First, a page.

The third is
So firstly, what does RNA polymerase I do?
Which of the eukaryotic polymerases are sensitive to a chemical from the death-cap mushroom?
The name of this chemical is
How many common DNA binding motifs are there?
They are:
These motifs are likely to be ********** chargedNegative DNA
Which type of transcription factor binds first?
A common one is
Where does it bind?
Then what happens?
What is another type of transcription factor?
Such as
Gene specific enhancers cause what?
This slows down RNAP. Which RNAP needs more before it can start transcription?
This is called the ? and involves basal transcription factors.
How does RNAPI terminate?
What is the first promoter?
How many eukaryotic genes have this as a core promoter?
Then, upstream is
Then, much further away
On each side of mRNA there is a3' UTR/5'UTR
How is eukaryotic transcription controlled other than with transcription factors?Allow access to duplex
In prokaryotes, how many ways of RNA processing are there?
One is
The third is
What are the numbers of the E.coli ribosomal RNA (in Svedberg units)?
These subunits are synthesised as
Which enzyme cleaves the rRNA transcript?
What is added to every E.coli tRNA post-transcriptionally?
What binds here?
What percentage of bases are altered in bacteria?
In eukaryotes, what is the big difference?
What is the name for the RNA transcript before processing?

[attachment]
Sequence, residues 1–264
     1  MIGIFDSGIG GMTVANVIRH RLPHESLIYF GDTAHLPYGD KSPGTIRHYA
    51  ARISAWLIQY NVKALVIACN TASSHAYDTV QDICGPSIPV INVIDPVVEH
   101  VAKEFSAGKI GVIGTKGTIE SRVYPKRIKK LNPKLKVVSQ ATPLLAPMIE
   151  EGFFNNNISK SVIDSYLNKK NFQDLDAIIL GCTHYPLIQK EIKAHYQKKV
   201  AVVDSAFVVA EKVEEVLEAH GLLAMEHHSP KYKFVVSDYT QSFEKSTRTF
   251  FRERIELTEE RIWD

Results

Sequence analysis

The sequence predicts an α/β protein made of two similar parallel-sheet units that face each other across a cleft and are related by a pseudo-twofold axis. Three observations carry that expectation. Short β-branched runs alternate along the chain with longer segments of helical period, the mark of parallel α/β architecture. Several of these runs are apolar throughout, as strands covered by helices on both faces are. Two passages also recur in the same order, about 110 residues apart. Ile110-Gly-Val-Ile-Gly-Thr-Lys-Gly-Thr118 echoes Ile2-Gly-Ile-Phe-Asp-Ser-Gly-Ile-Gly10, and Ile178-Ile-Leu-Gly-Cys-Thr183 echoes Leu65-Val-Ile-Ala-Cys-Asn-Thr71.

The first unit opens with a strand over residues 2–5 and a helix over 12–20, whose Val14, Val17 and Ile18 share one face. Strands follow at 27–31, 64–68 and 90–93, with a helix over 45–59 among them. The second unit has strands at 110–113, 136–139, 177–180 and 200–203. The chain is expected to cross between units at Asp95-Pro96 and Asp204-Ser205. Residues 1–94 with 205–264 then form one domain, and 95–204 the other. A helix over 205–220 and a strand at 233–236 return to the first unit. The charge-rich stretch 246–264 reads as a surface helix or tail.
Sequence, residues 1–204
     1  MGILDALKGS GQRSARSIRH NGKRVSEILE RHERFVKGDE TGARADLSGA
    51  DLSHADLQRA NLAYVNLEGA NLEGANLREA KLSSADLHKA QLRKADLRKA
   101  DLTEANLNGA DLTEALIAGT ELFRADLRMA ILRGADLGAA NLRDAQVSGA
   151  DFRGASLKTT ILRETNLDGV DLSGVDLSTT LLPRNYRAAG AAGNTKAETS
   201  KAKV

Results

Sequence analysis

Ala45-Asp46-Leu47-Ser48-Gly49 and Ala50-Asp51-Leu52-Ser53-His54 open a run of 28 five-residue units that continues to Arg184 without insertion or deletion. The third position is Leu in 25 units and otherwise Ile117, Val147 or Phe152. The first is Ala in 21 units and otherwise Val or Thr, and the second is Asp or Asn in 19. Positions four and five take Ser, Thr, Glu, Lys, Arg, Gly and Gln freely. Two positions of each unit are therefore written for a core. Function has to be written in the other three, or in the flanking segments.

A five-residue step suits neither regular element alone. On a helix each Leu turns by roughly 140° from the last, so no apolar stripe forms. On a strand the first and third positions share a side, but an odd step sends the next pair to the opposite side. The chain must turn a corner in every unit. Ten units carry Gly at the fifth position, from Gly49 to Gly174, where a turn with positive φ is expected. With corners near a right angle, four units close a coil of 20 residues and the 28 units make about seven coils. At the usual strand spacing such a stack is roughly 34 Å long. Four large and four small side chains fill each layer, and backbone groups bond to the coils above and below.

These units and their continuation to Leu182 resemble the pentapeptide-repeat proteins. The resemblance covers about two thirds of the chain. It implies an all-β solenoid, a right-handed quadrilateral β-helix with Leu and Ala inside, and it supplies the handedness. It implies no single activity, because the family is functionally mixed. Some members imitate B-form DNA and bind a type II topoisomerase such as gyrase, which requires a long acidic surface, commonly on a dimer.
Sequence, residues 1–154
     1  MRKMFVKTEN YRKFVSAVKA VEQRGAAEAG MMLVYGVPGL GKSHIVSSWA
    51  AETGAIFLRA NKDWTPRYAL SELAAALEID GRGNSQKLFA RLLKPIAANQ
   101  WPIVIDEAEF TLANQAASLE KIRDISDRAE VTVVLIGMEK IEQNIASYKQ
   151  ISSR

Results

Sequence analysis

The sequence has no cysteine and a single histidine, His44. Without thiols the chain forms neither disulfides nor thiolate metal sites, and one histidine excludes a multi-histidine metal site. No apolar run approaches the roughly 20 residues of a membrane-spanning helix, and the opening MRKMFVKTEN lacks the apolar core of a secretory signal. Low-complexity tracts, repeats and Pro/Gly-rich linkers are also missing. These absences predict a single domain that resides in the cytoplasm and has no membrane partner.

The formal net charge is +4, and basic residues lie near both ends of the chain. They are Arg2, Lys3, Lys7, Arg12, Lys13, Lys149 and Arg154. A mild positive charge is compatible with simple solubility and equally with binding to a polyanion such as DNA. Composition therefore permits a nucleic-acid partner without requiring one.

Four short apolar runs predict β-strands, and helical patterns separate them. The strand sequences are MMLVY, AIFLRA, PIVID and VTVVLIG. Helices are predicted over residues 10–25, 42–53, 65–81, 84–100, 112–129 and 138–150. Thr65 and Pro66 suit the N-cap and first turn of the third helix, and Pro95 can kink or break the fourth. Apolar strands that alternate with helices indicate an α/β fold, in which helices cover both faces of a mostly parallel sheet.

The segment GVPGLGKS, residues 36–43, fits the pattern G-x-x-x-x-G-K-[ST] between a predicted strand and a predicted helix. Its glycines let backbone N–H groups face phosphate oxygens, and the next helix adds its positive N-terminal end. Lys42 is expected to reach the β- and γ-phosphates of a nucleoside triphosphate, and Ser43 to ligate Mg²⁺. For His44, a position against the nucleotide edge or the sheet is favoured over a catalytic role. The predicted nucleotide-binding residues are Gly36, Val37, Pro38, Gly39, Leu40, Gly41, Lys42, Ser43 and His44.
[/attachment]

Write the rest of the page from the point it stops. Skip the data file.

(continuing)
How many methods of eukaryote processing?
The first
Eukaryotic ribosome subunits5S transcribed by PolIII
Cleaved using
Another method?
The cap is
Another type of RNA processing?
How long is it?
What adds it?
Another type of RNA processing?
What is the term for the collective unit that does splicing?
What makes it?small nuclear ribonucleic particles
Cleaves at intron/exon boundary, which can often separate
Depending on the type of muscle, what protein is changed during splicing?
A 5th type of RNA processing?
And finally (number 6)
Which leads to
How many experiments to determine the genetic code?
Who did the first one
Used a gene in
Used reagent to cause insertion or deletion
This occurred in which region?
Made mutation in intolerant region to cause a
Therefore, as 1 and 2 ended badly, but 3 nucleotides led to some wild type, he concluded it must be a
Second experiment was
What did he do?
What reagent
Result (in vitro)Remember that non-polar amino acid!
Which enzyme binds amino acid to tRNA in a process known as charging?
At which end?
Which base is different in tRNA?
What does it cause?Degeneracy of the code
Prokaryotic translation: what is the ribosome size (in Svedberg units)50S + 30S
Has complex
And forms **** ***** to itself
Firstly:Initiation factor
Next, IF2 binds to **** **** and then joins the complexformylated methionine
Then, the ***** ********* ********* binds to the 3' end of the ribosome
The Shine Dalgarno sequence is rich in
The ribosome scans along until it reaches the first codon, a start codon, which is
f-Met tRNA binds to the AUG and then binds to the